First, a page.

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UK Government Mislays Half the Country's Personal Details

Reuters is reporting that the UK government Chancellor of the Exchequer Alistair Darling informed parliament that "two discs containing information on 25 million Britons had disappeared after being sent through HMRC's courier, Dutch mail and parcel company TNT NV, and a police investigation was underway."

"The missing information contains details of all child benefit recipients: records for 25 million individuals and 7.25 million families," according to Darling. It was a "serious failure" he said - no kidding?

Hmm, let's see. The UK government desires every citizens' and travelers' DNA, every person's travel related details, has created a national registry of all children under 18, is developing a national ID card, etc., etc., and yet it can't guarantee basic protection to any of the information it collects.

Nice, very nice.

Why Government Needs Sarbanes-Oxley - and its Penalties

This past week a $31 million property tax refund scam conducted by members of the Washington DC Office of Tax and Revenue was revealed by the FBI. The scam has been running for at least the past seven years, and allegedly involved two tax office employees (so far) and their families. The perpetrators were so unconcerned about getting caught, they sent a phony $346,700 check to a fictitious company named "Bilkemor LLC."

The employees were able to get away with the scam because their activities weren't supervised, nor extensively if at all audited. A "breakdown of internal controls" were blamed by DC officials - something that Sarbanes-Oxley reviews of computer system controls would have made much more difficult. The District's CFO hasn't resigned, and has indicated that he sees no reason to do so. Basically, he stated that it wasn't his fault, that he has already fired the wayward employees' managers, and that it wasn't a big deal anyway, since it didn't materially affect the District's finances: "It is important to emphasize that this unfortunate incident does not compromise the financial stability and viability of the District."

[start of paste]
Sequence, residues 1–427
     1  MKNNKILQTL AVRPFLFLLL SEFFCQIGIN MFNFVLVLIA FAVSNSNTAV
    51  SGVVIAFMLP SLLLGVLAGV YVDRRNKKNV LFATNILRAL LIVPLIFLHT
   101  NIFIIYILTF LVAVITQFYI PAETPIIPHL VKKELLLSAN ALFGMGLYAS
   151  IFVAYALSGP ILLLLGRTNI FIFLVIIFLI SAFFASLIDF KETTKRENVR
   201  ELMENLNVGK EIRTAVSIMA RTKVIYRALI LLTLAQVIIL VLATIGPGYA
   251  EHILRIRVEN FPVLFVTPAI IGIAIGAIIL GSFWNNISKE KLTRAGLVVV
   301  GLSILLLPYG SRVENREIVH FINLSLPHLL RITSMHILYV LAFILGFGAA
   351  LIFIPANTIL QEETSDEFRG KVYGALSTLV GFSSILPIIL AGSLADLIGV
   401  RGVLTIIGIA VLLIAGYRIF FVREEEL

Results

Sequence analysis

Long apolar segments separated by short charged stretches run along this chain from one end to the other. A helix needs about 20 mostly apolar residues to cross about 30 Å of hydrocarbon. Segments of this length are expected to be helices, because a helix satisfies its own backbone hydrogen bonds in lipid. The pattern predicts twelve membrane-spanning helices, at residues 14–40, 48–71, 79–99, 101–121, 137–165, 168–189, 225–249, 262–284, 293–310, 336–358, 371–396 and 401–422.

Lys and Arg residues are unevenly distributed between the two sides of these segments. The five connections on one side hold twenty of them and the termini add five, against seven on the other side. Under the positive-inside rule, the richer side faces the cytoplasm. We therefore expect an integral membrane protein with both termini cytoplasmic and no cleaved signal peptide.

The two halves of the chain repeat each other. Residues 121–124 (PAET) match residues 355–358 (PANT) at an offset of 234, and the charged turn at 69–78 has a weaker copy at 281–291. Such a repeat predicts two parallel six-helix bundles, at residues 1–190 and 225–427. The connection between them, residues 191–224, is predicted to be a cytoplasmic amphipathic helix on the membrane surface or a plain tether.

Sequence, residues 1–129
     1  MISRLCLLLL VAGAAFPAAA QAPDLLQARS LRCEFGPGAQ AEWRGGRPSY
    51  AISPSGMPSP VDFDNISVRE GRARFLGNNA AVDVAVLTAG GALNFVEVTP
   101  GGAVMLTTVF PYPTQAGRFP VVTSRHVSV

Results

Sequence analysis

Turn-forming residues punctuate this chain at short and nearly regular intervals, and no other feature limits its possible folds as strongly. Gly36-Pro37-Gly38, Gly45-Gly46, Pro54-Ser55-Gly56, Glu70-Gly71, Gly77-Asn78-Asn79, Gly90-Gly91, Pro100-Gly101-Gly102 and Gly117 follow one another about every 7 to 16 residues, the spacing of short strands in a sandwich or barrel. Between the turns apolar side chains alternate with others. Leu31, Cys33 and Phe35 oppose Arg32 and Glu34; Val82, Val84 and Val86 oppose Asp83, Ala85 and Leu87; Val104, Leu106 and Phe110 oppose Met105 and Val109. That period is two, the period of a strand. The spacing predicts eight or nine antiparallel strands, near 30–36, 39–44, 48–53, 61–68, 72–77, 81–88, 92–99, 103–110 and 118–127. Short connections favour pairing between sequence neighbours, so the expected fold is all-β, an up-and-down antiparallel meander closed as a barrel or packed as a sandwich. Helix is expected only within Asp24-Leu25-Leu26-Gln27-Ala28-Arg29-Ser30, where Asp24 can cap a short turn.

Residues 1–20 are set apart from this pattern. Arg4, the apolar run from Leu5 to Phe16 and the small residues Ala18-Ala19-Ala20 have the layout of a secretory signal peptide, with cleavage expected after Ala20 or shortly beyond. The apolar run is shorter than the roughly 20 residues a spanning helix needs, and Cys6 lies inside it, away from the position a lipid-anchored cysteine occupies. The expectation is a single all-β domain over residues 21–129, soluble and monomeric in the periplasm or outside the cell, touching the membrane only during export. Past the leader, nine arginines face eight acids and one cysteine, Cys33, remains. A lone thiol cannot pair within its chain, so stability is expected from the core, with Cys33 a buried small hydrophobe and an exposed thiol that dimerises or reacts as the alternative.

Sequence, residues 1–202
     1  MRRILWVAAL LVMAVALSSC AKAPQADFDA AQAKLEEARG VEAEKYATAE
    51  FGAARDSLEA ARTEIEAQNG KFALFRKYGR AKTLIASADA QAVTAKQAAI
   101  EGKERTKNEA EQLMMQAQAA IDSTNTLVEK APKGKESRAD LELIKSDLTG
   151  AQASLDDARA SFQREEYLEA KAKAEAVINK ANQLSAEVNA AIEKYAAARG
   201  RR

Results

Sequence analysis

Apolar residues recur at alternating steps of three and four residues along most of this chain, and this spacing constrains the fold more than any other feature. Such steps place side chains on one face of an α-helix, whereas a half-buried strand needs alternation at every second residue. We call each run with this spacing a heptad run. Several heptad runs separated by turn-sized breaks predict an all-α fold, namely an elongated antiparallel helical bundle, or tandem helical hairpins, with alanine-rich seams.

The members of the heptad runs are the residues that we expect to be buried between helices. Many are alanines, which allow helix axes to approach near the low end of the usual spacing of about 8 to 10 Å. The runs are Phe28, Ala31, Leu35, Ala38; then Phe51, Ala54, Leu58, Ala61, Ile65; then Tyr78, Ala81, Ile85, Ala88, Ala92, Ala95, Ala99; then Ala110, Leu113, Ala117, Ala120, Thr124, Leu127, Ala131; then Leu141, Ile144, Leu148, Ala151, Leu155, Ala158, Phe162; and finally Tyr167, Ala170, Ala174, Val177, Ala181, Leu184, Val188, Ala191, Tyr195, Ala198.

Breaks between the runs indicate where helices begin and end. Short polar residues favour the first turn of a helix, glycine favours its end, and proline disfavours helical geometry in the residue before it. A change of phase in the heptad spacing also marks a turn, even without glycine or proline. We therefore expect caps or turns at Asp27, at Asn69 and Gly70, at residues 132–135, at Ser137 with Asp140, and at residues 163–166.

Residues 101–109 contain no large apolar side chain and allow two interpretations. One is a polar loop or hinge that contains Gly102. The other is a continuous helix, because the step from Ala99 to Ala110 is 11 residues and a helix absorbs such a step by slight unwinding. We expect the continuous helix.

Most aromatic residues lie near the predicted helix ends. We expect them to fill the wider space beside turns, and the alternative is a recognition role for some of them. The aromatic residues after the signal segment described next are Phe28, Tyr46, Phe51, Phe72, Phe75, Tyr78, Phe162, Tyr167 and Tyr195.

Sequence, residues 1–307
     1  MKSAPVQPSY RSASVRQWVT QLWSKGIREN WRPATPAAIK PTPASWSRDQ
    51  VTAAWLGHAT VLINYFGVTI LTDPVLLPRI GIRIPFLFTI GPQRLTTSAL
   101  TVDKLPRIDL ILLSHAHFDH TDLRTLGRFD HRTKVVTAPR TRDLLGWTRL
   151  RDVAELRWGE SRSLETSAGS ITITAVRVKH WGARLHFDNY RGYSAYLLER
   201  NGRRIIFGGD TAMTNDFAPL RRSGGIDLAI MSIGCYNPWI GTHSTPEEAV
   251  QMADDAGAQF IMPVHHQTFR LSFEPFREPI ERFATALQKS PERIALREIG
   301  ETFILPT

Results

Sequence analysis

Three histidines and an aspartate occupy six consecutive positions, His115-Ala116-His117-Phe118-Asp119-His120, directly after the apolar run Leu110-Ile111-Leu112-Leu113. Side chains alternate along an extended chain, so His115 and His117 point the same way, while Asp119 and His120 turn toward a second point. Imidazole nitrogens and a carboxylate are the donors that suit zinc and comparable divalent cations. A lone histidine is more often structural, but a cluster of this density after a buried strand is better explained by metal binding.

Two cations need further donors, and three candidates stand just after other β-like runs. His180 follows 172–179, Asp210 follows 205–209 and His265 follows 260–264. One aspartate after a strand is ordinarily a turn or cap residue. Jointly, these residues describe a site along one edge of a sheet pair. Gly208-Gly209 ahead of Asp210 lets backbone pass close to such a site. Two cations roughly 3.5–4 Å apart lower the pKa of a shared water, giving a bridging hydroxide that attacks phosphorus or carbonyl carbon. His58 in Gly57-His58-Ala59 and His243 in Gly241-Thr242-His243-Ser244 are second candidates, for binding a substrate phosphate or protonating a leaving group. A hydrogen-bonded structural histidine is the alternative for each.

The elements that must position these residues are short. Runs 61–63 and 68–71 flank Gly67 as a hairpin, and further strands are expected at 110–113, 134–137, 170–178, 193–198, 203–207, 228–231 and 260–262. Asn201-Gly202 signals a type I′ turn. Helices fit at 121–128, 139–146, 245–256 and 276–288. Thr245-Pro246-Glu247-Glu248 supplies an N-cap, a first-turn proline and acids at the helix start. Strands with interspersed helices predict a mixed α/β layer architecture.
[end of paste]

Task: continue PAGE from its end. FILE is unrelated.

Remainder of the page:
Public corporations would love to operate under that definition of materiality. If the CFO or CEO were in the same position of utter and absolute ignorance of their company's finances, they would be fired, sued by shareholders, and face possible criminal charges. I guess shareholder money is more important to protect than that of taxpayers.